Good performance, reasonable price
Panasonic's PT-AE700U is the successor to its PT-AE500U, a model that changed my previously pessimistic view of LCD front projectors. The AE700U incorporates everything that was good about its predecessor and then some. Improvements include a powerful 2 x zoom lens, a dynamic iris for automatic contrast optimization, and a host of picture-adjustment options.
The Panasonic has a no-frills look. It's basically a silver-toned box with a lens jutting out the front. With the projector sitting on my coffee table, I was happy to find that fan noise was negligible in the Low lamp mode. The full suite of video/computer connections includes an HDMI (High Definition Multimedia Interface) jack - the new smaller, refined version of a DVI connector that carries digital audio as well as video.
Panasonic's tiny remote control feels a bit flimsy. But it features a backlit keypad and provides direct-access buttons for inputs so you can quickly switch between video sources. There are also buttons to call up the seven picture presets, three picture settings you define yourself, and Cinema Color Management submenus without having to scroll through the menu system.
SETUP The Panasonic gives you plenty of adjustment options to aid in first-time setup. In addition to the 2 x zoom lens (the zoom range on the other projectors here maxes out around 1.5 x ), there's a joystick-controlled horizontal and vertical lens shift for off-center positioning. The Cinema Color Management feature is powerful but also kind of overwhelming - it lets you pick out an individual color using a cursor and alter its saturation, hue, and brightness without affecting other colors onscreen.
A more immediately useful feature is the projector's trio of user memories. After making adjustments for each video source I had connected to the Panasonic, I was able to store my customized settings for instant recall.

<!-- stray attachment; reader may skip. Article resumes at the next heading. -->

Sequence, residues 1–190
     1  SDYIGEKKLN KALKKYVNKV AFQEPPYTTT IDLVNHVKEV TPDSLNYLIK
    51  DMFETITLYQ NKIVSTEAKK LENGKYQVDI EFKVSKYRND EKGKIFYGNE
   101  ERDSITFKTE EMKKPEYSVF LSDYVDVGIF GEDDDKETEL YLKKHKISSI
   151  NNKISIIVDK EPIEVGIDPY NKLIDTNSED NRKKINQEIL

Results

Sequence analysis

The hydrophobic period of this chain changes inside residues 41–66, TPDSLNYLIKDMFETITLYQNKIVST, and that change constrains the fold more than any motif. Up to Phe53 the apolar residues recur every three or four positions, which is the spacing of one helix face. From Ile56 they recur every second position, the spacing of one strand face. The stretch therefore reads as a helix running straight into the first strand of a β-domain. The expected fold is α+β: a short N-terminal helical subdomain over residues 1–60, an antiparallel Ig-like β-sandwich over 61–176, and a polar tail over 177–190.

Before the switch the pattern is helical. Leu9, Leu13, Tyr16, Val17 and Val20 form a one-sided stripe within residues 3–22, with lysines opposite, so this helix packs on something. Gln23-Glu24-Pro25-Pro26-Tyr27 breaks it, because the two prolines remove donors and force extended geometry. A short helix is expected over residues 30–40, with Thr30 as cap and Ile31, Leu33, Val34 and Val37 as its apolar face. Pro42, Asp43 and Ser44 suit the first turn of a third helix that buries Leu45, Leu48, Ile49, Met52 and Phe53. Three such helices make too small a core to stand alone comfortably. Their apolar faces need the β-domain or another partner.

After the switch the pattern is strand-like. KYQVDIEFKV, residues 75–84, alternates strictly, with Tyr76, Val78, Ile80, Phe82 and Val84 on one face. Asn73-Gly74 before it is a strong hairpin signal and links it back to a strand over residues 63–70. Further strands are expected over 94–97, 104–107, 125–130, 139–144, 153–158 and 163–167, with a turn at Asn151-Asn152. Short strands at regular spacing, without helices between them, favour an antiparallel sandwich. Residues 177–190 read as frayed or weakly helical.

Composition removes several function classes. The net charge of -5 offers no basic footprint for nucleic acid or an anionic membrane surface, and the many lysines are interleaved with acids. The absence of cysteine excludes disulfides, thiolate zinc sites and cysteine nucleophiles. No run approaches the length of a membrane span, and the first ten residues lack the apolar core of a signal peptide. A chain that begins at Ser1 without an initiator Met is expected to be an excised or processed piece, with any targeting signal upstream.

PICTURE QUALITY It didn't take much effort to get the AE700U looking good - the combination of its Cinema 1 picture preset and Low lamp setting delivered very good contrast and color rendition. The shadows lurking in the corners of the loft apartment occupied by Del (Will Smith) in I, Robot had a slightly reddish cast, but in a scene under the Chicago El tracks - one of the very few in the movie with natural light - colors on the graffiti-strewn walls looked vibrant, and both Del and a teenager following him had natural skin tones.
While the Panasonic's ability to draw out shadow detail was good for an LCD projector, it was slightly dim and its picture a bit soft compared with the other projectors in this group. Still, high-definition programs - like a PBS documentary on wildlife in Cuba - looked mouth-wateringly good for the most part. An aerial shot of the Cuban coast showed a rich range of subtle blue/green hues where the sea butted up against the shore, while a closeup of a lizard revealed a landscape of bumps and creases lining the creature's hide.
At $3,000, Panasonic's PT-AE700U is a true high-def bargain. Its picture sharpness was a notch below that of the Sony or Hitachi in this comparison, but its overall combination of price, performance, and features is tough to beat.
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